How to support social development

Guide 5 - 11

We’ve all seen players who hog the ball when they know they should pass, dive at the drop of a hat and decide to ignore final-whistle handshakes. But is it their fault?

There’s no inbuilt ‘social code’ that ensures we all develop to be kind, respectful and considerate. As children, we learn these behaviours through experience.

This process, known as socialisation, is largely dictated by the influence of parents, peers and other ‘teachers’, such as coaches. In fact, sport offers a perfect opportunity for children to learn how to navigate social situations. Establishing how to win and lose with respect is a great example.

If you work in the Foundation Phase, you have an important role to play. You should use time with your team to establish, model and reinforce positive values and beliefs. This will help to ensure that your players develop appropriate social behaviour.

A clear set of guidelines, such as a code of conduct, can help to outline what’s expected at your club. To encourage both players and parents to engage with your code, make sure they’re involved in its creation. It can also help to keep things simple. For example, don’t include too many rules – work out your key messages and make sure that everyone’s aware of them.

A code of conduct is just one building block you can use to help your players’ social development. For more tips, scroll down now.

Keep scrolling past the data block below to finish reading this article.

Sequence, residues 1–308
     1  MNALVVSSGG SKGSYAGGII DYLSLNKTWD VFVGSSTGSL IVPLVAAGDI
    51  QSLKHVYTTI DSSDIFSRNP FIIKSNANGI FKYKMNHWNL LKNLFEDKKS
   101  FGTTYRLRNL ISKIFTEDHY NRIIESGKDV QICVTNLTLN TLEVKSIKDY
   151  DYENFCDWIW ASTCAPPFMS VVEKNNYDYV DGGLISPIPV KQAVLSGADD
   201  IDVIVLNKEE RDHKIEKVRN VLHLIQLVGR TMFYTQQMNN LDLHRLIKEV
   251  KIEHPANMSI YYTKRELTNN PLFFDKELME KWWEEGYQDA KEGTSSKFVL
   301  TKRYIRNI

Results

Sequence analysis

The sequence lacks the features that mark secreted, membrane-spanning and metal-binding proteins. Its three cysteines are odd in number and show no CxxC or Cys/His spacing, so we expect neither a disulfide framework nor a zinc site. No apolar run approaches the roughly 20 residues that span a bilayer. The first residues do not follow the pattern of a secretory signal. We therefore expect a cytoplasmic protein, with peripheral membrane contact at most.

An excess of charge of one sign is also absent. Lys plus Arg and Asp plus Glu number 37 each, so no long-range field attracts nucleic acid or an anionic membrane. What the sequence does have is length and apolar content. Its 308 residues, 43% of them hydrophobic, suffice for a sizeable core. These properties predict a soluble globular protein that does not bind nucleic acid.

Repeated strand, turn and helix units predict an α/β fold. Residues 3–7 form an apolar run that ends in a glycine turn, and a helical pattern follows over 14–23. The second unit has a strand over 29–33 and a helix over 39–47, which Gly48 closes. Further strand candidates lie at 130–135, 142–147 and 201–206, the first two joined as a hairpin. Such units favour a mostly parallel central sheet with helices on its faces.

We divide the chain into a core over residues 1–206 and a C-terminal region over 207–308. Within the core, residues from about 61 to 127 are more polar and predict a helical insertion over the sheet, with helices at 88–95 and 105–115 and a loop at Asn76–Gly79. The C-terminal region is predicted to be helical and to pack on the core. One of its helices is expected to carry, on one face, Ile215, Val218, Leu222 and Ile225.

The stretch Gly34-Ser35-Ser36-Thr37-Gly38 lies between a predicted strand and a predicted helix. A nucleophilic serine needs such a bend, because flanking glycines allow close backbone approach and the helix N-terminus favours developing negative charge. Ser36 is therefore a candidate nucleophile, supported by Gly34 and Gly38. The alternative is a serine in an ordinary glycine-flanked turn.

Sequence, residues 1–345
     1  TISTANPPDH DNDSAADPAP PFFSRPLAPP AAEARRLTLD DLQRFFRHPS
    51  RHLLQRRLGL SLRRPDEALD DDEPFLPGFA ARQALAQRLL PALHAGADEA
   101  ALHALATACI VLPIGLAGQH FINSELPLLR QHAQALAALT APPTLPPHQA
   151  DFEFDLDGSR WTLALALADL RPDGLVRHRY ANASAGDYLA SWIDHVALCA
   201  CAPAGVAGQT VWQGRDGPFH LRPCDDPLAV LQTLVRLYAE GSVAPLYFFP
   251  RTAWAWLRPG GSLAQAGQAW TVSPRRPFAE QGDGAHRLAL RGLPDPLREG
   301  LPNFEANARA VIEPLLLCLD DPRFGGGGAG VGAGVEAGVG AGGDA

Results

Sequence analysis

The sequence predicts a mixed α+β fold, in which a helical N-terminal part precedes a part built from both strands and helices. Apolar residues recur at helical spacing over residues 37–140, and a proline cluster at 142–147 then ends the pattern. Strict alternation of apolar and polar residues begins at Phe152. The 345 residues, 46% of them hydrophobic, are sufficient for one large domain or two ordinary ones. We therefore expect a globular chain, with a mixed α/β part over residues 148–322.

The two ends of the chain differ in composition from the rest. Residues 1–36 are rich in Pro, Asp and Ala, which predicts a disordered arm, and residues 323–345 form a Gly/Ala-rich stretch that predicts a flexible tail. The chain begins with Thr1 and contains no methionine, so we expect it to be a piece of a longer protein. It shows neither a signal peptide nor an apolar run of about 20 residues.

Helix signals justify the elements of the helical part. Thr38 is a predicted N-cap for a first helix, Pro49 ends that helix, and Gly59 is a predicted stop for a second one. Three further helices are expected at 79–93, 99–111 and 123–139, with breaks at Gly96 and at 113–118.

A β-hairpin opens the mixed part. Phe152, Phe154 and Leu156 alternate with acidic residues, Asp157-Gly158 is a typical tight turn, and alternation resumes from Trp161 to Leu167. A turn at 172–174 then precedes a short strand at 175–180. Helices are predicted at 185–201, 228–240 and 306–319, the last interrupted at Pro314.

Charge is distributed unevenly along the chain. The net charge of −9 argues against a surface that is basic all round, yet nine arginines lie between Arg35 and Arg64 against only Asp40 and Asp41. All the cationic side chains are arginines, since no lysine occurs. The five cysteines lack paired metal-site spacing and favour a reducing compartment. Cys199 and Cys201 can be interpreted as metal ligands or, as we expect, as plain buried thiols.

Step one: players aged 5-8
Supporting your team’s social development isn’t something you’ll do alone: remember that parents and carers have an important role to play – such as helping you to implement some of the ideas below.

Our top tips:

The FA


Get to know your players. 

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See your players as children first.

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Foster teamwork.


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Vary group size when arranging games and activities, e.g. pairs or 4v4.

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Encourage children to respect others.

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Be a good role model: lose with dignity and win with humility.

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Play lots of small-sided games.

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Provide opportunity to experiment and explore.

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Encourage your players to try other sports.

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Engage your team as 'active learners'.

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Recognise and applaud good play.

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Avoid placing undue pressure on players. 

Don't forget that, as your team gets older, these tips still apply and you should continue to use them in your sessions wherever possible. 

Step two: players aged 9-12

As your players move through the Foundation Phase, and towards adolescence, social development continues at full pace. Your team will start to develop their own opinions, thoughts and ideas on lots of things – including how to play football and what makes an effective team. Try to take advantage of this by looking for opportunities to develop their leadership skills and independence.

Our top tips:

The FA


Help everyone (players and parents) to understand team development.

The FA


Demonstrate how to praise, encourage and motivate others.


Next steps

Want to know why social development is so important? Click here.

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